J> install..

    Are you talking about sharing the data between several instances of your
    web application, so whichever one handles a request can read or update
    data?

    Use a database. There are cases where this is not the right approach,
    but it doesn't sound like it in yours.

    Ted
     
    Ted Zlatanov, Nov 29, 2007
    #5
  6. Jack

    Guest

    wrote:
    > On Nov 28, 6:37 pm, Gunnar Hjalmarsson <> wrote:
    > > Jack wrote:
    > > > Hi I have a web application that needs to on an adhoc basis query a
    > > > hash lookup which should be persisted in memory - I have seen this
    > > > module "Persistent::Memory - A Persistent Class implemented using
    > > > Memory (RAM)" but I wanted to see if there was a much simpler
    > > > approach to taking a hash map and making it 'callable' while
    > > > persisted in memory using standard features not requiring a special
    > > > Perl module install..

    > >
    > > > Any thoughts would be appreciated.

    > >
    > > Why not a tied hash? See e.g. "perldoc DB_File".

    >
    > Hi and thank you however that looks too complex - just trying to put a
    > hash in memory, why is that so hard to do ? Is there a simpler way ?


    If you aren't willing to install modules and you aren't willing to use the
    ones that are (often) standard, then I guess the next option would be to
    hire someone who is willing to do one of those things.

    Xho

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    , Nov 29, 2007
    #6
  7. Jack

    Jack Guest

    On Nov 29, 9:56 am, Jim Gibson <> wrote:
    > In article
    > <>,
    >
    >
    >
    >
    >
    > <> wrote:
    > > On Nov 28, 6:37 pm, Gunnar Hjalmarsson <> wrote:
    > > > Jack wrote:
    > > > > Hi I have a web application that needs to on an adhoc basis query a
    > > > > hash lookup which should be persisted in memory - I have seen this
    > > > > module "Persistent::Memory - A Persistent Class implemented using
    > > > > Memory (RAM)" but I wanted to see if there was a much simpler approach
    > > > > to taking a hash map and making it 'callable' while persisted in
    > > > > memory using standard features not requiring a special Perl module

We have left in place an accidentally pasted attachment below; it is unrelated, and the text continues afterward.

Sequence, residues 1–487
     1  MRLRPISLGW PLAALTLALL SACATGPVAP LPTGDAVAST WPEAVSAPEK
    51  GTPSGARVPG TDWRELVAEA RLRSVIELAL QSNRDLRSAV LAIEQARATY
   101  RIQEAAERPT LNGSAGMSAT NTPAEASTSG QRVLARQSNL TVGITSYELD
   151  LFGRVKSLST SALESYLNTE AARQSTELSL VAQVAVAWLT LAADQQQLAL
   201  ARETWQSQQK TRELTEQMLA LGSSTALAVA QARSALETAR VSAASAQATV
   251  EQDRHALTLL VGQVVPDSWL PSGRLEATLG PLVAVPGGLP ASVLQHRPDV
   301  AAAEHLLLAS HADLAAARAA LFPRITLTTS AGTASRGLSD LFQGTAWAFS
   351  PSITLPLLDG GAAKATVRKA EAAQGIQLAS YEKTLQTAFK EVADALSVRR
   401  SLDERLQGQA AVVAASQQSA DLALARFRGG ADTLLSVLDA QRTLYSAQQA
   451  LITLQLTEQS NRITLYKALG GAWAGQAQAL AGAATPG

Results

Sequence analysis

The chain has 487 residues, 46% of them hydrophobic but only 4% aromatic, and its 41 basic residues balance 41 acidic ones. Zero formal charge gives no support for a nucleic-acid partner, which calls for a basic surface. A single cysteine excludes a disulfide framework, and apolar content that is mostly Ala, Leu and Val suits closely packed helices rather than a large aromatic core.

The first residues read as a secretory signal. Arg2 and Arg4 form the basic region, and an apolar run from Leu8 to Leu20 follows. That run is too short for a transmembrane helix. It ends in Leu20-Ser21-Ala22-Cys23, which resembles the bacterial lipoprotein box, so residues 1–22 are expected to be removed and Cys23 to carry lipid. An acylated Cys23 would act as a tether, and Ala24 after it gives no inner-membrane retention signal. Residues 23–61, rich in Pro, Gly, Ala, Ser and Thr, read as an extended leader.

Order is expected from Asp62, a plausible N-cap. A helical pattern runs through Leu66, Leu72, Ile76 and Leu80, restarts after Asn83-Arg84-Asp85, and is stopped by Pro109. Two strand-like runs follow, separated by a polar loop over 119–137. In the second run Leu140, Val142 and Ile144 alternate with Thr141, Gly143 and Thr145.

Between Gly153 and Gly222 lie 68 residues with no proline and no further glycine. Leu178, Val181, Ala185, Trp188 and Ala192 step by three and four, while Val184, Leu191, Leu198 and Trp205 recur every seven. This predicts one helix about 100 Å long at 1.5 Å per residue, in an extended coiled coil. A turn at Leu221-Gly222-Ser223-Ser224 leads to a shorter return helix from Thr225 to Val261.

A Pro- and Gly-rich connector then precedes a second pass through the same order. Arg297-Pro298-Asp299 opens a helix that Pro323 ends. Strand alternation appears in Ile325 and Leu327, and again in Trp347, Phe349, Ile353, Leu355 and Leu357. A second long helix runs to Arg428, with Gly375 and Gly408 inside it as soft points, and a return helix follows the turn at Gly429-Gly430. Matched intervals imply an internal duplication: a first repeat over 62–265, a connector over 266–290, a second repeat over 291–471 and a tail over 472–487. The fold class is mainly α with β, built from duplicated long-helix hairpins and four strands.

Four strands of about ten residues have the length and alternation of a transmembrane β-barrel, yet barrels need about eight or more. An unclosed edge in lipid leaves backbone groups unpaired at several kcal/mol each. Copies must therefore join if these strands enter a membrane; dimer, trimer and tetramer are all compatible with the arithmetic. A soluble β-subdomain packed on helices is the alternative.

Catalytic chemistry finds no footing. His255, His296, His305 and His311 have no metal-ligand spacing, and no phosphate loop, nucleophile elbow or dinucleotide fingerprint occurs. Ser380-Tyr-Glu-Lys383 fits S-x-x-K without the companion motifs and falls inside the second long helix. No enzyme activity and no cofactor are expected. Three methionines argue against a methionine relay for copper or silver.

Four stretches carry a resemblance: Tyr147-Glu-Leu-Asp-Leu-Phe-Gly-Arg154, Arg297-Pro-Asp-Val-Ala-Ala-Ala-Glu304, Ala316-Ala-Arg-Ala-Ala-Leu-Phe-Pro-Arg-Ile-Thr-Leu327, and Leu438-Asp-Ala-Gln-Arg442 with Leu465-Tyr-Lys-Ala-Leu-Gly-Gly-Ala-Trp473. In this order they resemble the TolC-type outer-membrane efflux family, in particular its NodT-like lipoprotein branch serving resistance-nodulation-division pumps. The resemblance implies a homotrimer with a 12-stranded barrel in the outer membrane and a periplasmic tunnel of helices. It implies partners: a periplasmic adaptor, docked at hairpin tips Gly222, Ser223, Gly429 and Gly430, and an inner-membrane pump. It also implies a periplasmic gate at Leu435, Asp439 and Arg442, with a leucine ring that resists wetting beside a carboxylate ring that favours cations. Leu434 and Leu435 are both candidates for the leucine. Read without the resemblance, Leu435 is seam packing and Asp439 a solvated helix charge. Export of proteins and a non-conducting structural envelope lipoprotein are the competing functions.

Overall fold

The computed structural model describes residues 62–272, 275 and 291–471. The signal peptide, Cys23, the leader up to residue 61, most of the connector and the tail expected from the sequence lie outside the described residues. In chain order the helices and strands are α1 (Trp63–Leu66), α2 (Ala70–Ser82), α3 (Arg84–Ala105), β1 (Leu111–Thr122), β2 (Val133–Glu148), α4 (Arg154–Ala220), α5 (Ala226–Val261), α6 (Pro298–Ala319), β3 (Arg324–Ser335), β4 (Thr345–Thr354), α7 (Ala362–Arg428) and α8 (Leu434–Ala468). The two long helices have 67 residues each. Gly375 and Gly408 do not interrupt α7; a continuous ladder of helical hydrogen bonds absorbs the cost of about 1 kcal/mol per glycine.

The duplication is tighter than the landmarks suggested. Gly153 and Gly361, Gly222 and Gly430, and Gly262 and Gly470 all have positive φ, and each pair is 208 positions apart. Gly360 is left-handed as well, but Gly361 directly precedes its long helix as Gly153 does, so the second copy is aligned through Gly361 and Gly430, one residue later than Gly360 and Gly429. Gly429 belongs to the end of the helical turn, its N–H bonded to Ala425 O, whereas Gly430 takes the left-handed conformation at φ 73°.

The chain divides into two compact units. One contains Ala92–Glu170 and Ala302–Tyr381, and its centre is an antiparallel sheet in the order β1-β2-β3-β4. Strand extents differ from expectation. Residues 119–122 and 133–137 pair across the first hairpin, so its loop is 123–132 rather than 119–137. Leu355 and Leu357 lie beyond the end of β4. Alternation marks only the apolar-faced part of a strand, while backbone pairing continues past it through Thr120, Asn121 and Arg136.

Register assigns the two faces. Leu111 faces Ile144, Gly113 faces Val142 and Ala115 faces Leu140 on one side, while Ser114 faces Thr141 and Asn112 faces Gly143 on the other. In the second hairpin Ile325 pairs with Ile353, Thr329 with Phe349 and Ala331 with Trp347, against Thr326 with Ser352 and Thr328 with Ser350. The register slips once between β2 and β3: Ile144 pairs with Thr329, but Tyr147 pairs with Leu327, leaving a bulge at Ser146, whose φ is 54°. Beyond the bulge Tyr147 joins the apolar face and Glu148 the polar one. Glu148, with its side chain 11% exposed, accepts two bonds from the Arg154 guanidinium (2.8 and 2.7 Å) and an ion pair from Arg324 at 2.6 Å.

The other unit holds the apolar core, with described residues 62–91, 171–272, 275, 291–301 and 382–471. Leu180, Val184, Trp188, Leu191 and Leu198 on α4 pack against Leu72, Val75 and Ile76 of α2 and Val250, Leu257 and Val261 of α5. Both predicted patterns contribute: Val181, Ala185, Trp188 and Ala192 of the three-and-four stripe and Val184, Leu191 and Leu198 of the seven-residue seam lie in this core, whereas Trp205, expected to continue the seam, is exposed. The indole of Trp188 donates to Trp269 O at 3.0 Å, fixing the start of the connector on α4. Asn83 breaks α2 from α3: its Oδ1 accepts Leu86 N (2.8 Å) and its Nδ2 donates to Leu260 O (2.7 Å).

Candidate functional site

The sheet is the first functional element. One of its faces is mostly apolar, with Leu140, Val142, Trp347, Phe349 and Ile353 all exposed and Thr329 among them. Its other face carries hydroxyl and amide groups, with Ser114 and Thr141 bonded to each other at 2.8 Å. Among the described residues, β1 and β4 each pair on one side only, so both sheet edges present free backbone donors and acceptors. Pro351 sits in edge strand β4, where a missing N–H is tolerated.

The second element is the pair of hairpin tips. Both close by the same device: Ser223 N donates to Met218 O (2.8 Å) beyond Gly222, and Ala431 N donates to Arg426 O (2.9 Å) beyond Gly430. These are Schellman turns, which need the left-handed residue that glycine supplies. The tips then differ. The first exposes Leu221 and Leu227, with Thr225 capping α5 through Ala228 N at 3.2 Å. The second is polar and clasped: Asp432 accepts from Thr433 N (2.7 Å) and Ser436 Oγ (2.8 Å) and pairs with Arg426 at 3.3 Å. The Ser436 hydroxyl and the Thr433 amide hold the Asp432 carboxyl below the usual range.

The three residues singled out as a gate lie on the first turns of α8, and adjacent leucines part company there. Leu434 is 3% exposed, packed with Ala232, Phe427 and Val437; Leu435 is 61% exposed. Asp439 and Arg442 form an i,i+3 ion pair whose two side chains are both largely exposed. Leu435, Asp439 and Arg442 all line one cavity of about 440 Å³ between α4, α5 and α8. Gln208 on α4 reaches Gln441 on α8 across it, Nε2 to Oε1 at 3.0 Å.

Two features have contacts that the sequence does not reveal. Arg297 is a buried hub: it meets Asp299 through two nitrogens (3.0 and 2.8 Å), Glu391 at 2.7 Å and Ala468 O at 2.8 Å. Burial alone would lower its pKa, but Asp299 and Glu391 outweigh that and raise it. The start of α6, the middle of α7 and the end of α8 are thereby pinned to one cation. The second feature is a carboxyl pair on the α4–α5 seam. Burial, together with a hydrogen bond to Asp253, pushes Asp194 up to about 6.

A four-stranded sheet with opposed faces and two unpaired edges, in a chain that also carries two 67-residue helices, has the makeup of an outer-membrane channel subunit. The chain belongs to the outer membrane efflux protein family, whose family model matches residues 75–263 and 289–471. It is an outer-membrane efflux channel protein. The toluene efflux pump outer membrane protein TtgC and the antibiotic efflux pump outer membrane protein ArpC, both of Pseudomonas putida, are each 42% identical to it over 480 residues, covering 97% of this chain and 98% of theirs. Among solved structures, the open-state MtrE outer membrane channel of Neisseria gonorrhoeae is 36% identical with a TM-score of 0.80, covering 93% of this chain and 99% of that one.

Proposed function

> > > > install..

    >
    > > > > Any thoughts would be appreciated.

    >
    > > > Why not a tied hash? See e.g. "perldoc DB_File".

    >
    > > > --
    > > > Gunnar Hjalmarsson
    > > > Email:http://www.gunnar.cc/cgi-bin/contact.pl

    >
    > > Hi and thank you however that looks too complex - just trying to put a
    > > hash in memory, why is that so hard to do ? Is there a simpler way ?

    >
    > Your question is confusing. All Perl variables, including hashes, are
    > in memory. The trick to achieving "persistence" between execution
    > instances of your web application is to have the data on a permanent
    > data store, such as a disk file. Memory variables disappear once your
    > Perl process terminates. Using a tied hash, per Gunnar's suggestion, is
    > one way to accomplish this. There are others, such as using the
    > Storable module to serialize your hash so you can write it to memory.
    >
    > I have not use Persistent::Memory, but you might want to check out the
    > Persistent::File module instead. Both of those modules seem to be part
    > of the Persistent framework of Perl modules.
    >
    > See
    > <http://search.cpan.org/~dwinters/Persistent-Base-0.52/lib/Persistent.po
    > d>
    >
    > --
    > Jim Gibson
    >
    > Posted Via Usenet.com Premium Usenet Newsgroup Services
    > ----------------------------------------------------------
    > ** SPEED ** RETENTION ** COMPLETION ** ANONYMITY **
    > ----------------------------------------------------------
    > http://www.usenet.com- Hide quoted text -
    >
    > - Show quoted text -


    Thanks I am willing to install Perl Modules, really wondering if there
    is a native ability to do it out of the box in Perl. I got persistent
    memory to work but its not clear how to "pin" a hash lookup into
    memory since .pl files and the persistent memory code example itself
    are only as good as the life of the execution of the script !! Still